Public primary schools are divided into two categories based on the medium of instruction:
• Malay-medium National Schools [Sekolah Kebangsaan, SK]
• non-Malay-medium National-type Schools [Sekolah Jenis Kebangsaan, SJK], also known as "vernacular schools" that are further divided into:
1. National-type School (Chinese) [Sekolah Jenis Kebangsaan (Cina), SJK(C)], Mandarin-medium and simplified Chinese writing
2. National-type School (Tamil) [Sekolah Jenis Kebangsaan (Tamil), SJK (T)], Tamil-medium
The main type of public secondary school in Malaysia is the National Secondary Schools (Sekolah Menengah Kebangsaan, SMK). These schools use Malay as their main medium of instruction, but English is also a compulsory subject in all schools.
A subset of the public secondary schools is known as National-type Secondary Schools (Sekolah Menengah Jenis Kebangsaan, SMJK). During Malayan’s Independence in 1957, it was decided that secondary education would be provided in Malay-medium National Secondary Schools and English-medium National-type Secondary Schools. Fee paying, English-medium schools owned and administered by missionaries/religious bodies were offered government aid provided that they adopt the national curriculum. Secondary schools using other languages as their medium of instruction, most of them being Chinese schools, were offered government aid on the condition that they convert into English-medium schools.
Other types of government or government-aided secondary schools include Religious Secondary School (Sekolah Menengah Agama), Technical Schools (Sekolah Menengah Teknik), Fully Residential Schools and MARA Junior Science College (Maktab Rendah Sains MARA).
Private schools are required to use the National Curriculum for primary and secondary education, as required by the Education Act 1996. Besides the National Curriculum, private schools offer similar core subjects as national schools and prepare students for the same public common examinations. Private schools are open to both local and international students. Besides day school, some private schools also offer full residential facilities for students.
Students usually spend 6 years in a Chinese Independent High School. The 6 years are divided into two stages: 3 years in junior middle and 3 years in senior middle. The curriculum used is developed and coordinated by the Curriculum Department of the United Chinese School Committees Association of Malaysia (UCSCAM).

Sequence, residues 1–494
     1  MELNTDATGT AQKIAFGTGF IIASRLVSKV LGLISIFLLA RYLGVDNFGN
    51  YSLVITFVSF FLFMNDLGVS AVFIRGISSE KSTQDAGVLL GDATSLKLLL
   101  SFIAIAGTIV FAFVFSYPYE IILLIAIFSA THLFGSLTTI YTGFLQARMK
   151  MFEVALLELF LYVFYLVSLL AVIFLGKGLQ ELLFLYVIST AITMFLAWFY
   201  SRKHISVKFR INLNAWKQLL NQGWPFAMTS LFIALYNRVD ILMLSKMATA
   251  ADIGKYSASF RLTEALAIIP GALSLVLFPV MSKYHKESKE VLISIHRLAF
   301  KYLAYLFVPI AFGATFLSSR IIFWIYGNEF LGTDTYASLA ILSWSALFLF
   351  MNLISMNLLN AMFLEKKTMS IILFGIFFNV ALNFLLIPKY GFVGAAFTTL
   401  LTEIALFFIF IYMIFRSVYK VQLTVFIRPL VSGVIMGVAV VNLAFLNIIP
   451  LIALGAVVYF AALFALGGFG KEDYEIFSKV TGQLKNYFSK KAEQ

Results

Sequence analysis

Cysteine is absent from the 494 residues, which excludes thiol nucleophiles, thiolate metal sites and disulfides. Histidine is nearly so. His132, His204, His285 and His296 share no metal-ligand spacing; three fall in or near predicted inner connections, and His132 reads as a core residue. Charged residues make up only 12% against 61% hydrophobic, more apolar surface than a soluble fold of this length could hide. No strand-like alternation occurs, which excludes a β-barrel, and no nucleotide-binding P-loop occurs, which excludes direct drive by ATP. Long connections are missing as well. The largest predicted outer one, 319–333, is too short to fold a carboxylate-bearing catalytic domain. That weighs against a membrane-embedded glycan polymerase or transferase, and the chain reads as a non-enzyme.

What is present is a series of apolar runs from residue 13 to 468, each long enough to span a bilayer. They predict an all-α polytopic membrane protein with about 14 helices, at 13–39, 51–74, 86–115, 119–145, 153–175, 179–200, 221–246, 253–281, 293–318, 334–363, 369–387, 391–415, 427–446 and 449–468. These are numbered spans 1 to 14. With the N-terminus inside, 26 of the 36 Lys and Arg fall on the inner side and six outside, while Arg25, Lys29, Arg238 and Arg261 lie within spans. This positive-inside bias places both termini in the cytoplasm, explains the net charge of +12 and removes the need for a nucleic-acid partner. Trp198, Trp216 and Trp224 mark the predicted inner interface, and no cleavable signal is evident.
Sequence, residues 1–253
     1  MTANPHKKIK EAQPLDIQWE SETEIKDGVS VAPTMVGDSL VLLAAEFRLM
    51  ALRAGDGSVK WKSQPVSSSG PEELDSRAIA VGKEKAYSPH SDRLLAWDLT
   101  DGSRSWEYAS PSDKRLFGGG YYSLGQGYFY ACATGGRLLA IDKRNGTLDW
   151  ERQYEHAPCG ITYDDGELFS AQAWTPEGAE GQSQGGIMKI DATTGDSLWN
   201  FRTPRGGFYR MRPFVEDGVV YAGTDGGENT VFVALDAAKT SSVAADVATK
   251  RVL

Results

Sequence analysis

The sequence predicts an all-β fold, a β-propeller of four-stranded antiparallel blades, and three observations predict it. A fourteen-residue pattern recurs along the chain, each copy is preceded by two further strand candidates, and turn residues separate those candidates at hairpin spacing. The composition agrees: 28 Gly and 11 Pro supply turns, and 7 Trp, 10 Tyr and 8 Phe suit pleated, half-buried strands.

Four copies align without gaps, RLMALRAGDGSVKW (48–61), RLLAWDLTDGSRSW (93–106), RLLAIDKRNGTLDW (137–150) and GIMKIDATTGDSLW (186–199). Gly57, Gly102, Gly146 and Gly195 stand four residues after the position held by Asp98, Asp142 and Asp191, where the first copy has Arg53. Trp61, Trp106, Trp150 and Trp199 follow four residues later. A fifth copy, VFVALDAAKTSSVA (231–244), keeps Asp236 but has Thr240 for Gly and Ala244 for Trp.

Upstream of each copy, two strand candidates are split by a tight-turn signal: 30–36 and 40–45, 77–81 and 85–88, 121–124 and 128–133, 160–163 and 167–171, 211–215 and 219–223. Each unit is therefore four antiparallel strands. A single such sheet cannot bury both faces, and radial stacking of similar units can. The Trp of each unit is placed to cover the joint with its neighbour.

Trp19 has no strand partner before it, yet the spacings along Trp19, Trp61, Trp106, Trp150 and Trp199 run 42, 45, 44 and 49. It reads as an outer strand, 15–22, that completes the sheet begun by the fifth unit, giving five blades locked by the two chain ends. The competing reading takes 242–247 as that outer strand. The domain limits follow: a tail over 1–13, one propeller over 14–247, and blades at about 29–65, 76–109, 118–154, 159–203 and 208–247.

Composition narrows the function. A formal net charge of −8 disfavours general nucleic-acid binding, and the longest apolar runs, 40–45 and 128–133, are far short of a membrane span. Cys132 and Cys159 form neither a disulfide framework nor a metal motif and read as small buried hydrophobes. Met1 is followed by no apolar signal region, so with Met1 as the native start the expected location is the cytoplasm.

International schools in Malaysia are funded by the private sector and teach an international curriculum using English as a medium of instruction. These international schools are not governed under the Education Act 1996 but are subjected to supervision by the Ministry of Education through its Private Education Division. Although these schools mainly cater for the needs of the international community, such as the children of the staff of foreign businesses, international organisations, foreign embassies and missions, up to 40% of students may be Malaysian.
The main types of international curriculum approved by the Ministry of Education are the British curriculum, the Australian curriculum, the American curriculum and the Canadian curriculum. Many of these schools offer education from pre-school right up to the preparation of students to sit for an external international examination like IGCSE 'O' level, GCE 'A' levels, International Baccalaureate Diploma, Grade 1 to 12, etc.
In Malaysia, home-schools provide education that takes place at home or a replication of school in a home environment. According to the Education Act 1996 (Act 550), any parent who wishes their child to be exempt from schooling (primary school) must apply to the Ministry of Education. Soon after the Act was passed in 2003, following a personal enquiry to the Ministry, 3 conditions were mentioned as requisite for exemption:
• The child in question should be medically certified as unfit (learning disabled) or not suited (high IQ/exceptionally gifted) for conventional schooling
• The family is constantly travelling abroad
• The curriculum used must be the National Curriculum in the main, while others could be used as supplement.